A large part of the world’s freshwater resources are contained in river basins and groundwater systems that are shared by two or more nations. As climate change is expected to raise the number of extreme situations of flooding and drought, both in frequency and in duration, transboundary management of these water resources becomes more essential to reduce the impact of these extremes.
The disenfranchisement of Indigenous Nations from transboundary water governance is rooted in legacies of colonialism that are no more apparent than in the physical erasure of Indigenous Peoples, places and languages from basin maps. Rivers and lakes do not respect political boundaries and yet they are often the basis for them. The dominant water regime has politicized our water relatives and removed Indigenous Peoples from our traditional stewardship roles. However, my research is not solely on the colonial project rather it examines the ways in which Indigenous Nations resist and build resilience for future generations. We are still here. We are resilient. We cannot be easily erased. Therefore, my digital scholarship aims to digitize the work of Indigenous Nations and our water protectors as they fight to (re)claim inherent sovereign rights to govern our waters.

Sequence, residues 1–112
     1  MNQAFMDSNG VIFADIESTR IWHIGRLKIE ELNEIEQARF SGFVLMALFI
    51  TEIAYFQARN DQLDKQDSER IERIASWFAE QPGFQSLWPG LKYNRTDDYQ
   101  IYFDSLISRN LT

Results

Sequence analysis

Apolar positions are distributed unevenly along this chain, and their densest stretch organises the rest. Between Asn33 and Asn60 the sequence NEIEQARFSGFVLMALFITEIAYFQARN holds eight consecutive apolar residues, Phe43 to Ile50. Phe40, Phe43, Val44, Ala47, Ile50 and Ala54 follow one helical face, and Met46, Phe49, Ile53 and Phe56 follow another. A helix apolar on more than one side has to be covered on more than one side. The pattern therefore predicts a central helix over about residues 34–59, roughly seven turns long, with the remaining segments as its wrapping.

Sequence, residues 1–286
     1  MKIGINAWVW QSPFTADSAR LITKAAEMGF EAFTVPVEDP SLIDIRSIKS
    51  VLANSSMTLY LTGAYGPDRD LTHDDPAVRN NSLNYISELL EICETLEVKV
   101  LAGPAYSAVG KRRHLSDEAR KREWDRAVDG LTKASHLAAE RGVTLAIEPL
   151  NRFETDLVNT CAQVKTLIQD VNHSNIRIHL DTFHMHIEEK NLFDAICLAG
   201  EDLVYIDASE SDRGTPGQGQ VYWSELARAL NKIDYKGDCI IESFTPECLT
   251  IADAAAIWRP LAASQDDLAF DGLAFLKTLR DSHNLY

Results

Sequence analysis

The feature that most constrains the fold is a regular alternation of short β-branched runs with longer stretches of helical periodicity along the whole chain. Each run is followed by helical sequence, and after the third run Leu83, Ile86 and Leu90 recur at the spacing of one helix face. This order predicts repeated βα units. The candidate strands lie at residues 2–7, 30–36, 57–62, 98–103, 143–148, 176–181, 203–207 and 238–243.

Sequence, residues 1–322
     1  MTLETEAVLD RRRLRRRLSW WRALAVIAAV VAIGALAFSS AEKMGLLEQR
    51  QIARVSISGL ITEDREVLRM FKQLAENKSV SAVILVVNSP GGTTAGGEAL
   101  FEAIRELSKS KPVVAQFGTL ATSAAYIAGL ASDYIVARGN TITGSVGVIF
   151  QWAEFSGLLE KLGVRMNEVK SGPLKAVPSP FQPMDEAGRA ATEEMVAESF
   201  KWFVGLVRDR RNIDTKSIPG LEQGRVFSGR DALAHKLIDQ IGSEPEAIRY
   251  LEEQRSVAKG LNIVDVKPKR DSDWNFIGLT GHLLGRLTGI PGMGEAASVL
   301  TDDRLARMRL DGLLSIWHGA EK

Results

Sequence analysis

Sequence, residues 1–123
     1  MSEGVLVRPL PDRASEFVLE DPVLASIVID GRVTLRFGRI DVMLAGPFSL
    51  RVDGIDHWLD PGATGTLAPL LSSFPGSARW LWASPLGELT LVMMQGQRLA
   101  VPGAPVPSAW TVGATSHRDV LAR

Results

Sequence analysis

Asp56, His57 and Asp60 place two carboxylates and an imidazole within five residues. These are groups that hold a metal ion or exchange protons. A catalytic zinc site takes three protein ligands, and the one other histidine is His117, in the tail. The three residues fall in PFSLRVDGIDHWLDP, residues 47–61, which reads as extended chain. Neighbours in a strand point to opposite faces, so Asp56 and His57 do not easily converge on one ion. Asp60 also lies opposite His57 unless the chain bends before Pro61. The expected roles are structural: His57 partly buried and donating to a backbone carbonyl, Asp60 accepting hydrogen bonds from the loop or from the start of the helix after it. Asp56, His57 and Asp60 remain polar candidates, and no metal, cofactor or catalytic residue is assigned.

In 2014, this map of the Columbia River Basin (CRB) was developed by the Columbia River Inter-Tribal Fish Commission (CRITFC). It is the first transboundary basin map to equitably represent Indigenous Nations across the US-Canada border in the management of the CRB.
Comparatively, there is not a representative map for the other basins across the US-Canada border notably not even for the Great Lakes – St. Lawrence Basin (GLSLB). However, there are digital efforts to decolonize maps, such as Decolonial Atlas, which created the following map of the Great Lakes in Anishinaabemowin.